The law was passed in September 2021. It was challenged by industry trade group NetChoice and was blocked by a federal district court in December 2021.
We obtained a copy of the ruling for you here.
Critics of the law argued that it violates the First Amendment rights of social media companies by forcing private companies to publish content they don’t want to. The First Amendment protects both people and companies from censorship by the government intervention in speech.
The state of Texas appealed the decision by the district court in the Court of Appeals for the Fifth Circuit.
Writing the ruling on behalf of a three-judge panel, Judge Andrew Oldham said the court “rejects the idea that corporations have a freewheeling First Amendment right to censor what people say.”
“The Platforms are not newspapers,” he continued. “Their censorship is not speech.”
The ruling argues that the Texas social media law doesn’t violate the First Amendment because “Section 7 does not regulate the Platforms’ speech at all; it protects other people’s speech and regulates the Platforms’ conduct.”
The order adds, “Our decision is reinforced by 47 U.S.C. § 230, which reflects Congress’s judgment that the Platforms are not ‘speaking’ when they host other people’s speech. Our decision is still further reinforced by the common carrier doctrine, which vests the Texas Legislature with the power to prevent the Platforms from discriminating against Texas users.”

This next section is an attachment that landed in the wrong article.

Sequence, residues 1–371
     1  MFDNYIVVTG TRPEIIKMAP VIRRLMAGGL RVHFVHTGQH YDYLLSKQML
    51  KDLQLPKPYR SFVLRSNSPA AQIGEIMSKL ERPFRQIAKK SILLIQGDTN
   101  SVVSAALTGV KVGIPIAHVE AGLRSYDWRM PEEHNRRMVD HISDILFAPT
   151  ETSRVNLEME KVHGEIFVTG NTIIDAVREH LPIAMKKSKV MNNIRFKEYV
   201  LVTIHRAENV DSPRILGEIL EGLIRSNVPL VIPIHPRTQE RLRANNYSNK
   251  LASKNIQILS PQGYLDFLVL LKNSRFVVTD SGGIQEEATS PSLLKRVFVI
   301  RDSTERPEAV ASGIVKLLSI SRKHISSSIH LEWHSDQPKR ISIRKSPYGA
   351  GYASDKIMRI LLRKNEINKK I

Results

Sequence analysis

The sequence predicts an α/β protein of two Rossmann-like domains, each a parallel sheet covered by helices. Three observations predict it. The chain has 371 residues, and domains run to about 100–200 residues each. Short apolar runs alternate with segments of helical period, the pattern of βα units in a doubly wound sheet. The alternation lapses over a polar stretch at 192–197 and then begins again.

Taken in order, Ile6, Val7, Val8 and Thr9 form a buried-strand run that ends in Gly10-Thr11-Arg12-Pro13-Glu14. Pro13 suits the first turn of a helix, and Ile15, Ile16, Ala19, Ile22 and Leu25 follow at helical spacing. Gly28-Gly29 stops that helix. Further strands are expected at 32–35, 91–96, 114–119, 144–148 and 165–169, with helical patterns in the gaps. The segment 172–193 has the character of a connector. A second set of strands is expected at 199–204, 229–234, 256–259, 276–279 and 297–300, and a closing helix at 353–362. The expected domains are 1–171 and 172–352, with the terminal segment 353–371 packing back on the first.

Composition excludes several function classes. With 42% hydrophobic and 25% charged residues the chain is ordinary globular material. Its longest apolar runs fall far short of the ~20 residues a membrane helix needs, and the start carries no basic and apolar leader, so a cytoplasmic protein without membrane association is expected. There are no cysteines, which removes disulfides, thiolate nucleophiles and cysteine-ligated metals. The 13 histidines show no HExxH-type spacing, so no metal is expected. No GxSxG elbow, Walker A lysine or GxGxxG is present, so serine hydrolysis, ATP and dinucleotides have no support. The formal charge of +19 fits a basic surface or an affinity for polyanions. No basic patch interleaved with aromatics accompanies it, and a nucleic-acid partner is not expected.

NetChoice expressed disappointment with the ruling and plans to appeal in the Supreme Court.
“We are disappointed that the Fifth Circuit’s split decision undermines First Amendment protections and creates a circuit split with the unanimous decision of the Eleventh Circuit,” said Carl Szabo, NetChoice vice president and general counsel.
The Court of Appeals for the Eleventh Circuit blocked a similar law passed in the state of Florida.
“We remain convinced that when the U.S. Supreme Court hears one of our cases, it will uphold the First Amendment rights of websites, platforms, and apps,” Szabo added.
The Supreme Court will now likely hear the case and, if based on precedent, will likely overturn the ruling.